Small Potatoes: Who Killed the USFL?

In a lot of ways, the big takeaway from Mike Tollin’s Small Potatoes: Who Killed the USFL? is that Donald Trump has been a giant douchebag for a really really long time.  Also, his hair has largely been the same for 30 years – which is remarkable in its own right – I mean, even Jon Bon Jovi changed his look.  He may or may not have singularly responsible for the downfall of the USFL – Tollin does not exactly offer an impartial take – but he is such a juicy villain that I’m willing to go with it.

With a jerk like Trump bringing down the league, Tollin could have made a bitter screed about the death of an interesting concept.  Fortunately though, Small Potatoes is a loving look back at the three plus year history of the United States Football League and an excuse for Tollin to show all this footage he, as sort of the league’s Ed Sabol, had been sitting on for eons.  Really with the ubiquitous nature of the NFL, the idea that a semi-comparable football league could exist in the 1980s is almost inconceivable.  However there it was, a goofy league that had weird promotions, brought in a couple of innovations and brought us some really really talented dudes.

The USFL started as a 12 team league running in the springtime.  The markets had varying attitudes towards player acquisition.  New Jersey signed a Heisman winner in Herschel Walker taking advantage of his leaving after his junior year, while the Tampa Bay Bandits (introducing Steve Spurrier to the world) ran as much more of a “small market” outfit.  The league tried to fill a perceived market gap for football in the spring (considering how ESPN shows spring practices for college teams, this is not the leap one might think) while being more “fun” by allowing coordinated celebrations and serving as a laboratory for new concepts (indeed, the Houston Gamblers brought the run and shoot into the football vernacular).  The ratings with ABC and ESPN in the spring were shockingly good.  Granted, not all 12 markets were doing well at the same time, but that describes any sports league – but clearly it seemed like there was some substance there.

Tollin’s film luxuriates in the substance.  As viewers we are surprised at just how many guys we know were in the USFL.  Whether it be Charley Steiner on the radio, Jim Kelly, Steve Young, Reggie White, Anthony Carter – all sorts of people fans have heard of, Burt Reynolds in the owner’s box, the innovation of instant replay – the USFL was clearly some sort of factor in the football landscape.  It looked like it was actually decent football.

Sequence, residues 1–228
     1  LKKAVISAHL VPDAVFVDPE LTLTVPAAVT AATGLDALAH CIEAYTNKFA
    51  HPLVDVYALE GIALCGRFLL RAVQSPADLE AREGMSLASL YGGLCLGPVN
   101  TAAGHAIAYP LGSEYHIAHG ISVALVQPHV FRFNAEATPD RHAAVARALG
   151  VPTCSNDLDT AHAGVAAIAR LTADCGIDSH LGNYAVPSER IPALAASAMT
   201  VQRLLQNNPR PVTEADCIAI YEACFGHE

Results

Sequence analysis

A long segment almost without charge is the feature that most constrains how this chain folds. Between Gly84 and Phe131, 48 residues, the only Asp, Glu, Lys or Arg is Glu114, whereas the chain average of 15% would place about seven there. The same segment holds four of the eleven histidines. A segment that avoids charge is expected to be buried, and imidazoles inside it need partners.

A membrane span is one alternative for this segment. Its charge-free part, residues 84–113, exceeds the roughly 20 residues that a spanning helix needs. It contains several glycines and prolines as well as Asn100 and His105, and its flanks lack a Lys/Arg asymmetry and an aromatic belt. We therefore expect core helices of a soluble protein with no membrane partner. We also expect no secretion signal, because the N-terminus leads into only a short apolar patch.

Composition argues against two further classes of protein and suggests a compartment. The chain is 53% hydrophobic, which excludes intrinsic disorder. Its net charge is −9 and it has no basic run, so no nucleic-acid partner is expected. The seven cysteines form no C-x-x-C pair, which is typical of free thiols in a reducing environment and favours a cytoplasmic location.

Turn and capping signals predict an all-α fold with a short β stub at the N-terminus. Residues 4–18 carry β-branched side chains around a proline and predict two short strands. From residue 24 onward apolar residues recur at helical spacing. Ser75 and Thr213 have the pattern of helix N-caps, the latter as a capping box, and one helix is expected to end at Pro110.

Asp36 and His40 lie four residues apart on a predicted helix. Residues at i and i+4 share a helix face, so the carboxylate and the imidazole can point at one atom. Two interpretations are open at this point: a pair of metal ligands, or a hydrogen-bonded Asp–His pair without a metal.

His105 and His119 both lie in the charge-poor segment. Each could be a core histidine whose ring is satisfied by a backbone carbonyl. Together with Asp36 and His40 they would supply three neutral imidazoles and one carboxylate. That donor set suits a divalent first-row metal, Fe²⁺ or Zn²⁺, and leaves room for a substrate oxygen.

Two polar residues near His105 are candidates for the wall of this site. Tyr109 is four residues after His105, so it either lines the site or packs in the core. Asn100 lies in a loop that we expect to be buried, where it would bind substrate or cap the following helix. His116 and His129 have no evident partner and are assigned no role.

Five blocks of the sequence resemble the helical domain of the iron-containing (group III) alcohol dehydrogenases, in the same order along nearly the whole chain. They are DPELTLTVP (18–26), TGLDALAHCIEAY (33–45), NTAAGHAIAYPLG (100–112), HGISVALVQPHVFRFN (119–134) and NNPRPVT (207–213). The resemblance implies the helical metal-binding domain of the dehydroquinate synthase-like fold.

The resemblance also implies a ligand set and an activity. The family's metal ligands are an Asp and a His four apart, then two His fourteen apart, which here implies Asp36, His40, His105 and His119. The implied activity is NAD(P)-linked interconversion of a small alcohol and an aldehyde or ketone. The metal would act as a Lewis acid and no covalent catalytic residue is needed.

Tollin also luxuriates in Trump’s acquisiton of the New Jersey Generals, and his entry into the league.  He started throwing more money at the team – getting people to cross over from the NFL.  He wanted to be THE face of the league – and his signing of NFL guys helped accelerate an arms race that precipitated a spectacularly fast expansion to 22 teams.  The sheer number of teams started to create a lot of rinky dink outfits – the story Rick Neuheisel tells of the San Antonio team’s ability to make payroll was right out of the worst stories of the American Basketball Association.  Trump, in an interview with Tollin, seems to have put this in a box the way neocons now might have put their incorrect opinions about war in some dark recess.  His Donaldness in stark contrast with the other owners makes for clear protagonists and villains.

The main protagonist becomes John Bassett, the principal partner of the Tampa Bay team, who has run the team in a smaller manner – who resists the Trumpification of the league.  He is trying to do things organically and wants the league to stay a spring option and grow.  The tug of war between Bassett and Trump, especially as the league wants to try to compete directly with the NFL, becomes where Tollin’s film is its angriest.  When Trump swoops in and gains stature in the league, it is as Bassett starts to succumb to a brain tumor.  Tollin lays it on a bit thick here – but the Donald is such an asshole!

Ultimately, Tollin tells the story of the USFL with a light touch.  He still holds Trump responsible, but the film seems over the whole thing.  The movie is more of a comedy than a parable or a morality tale.  A fun league with a fun history – and yeah, it might have been fun to still have it around.



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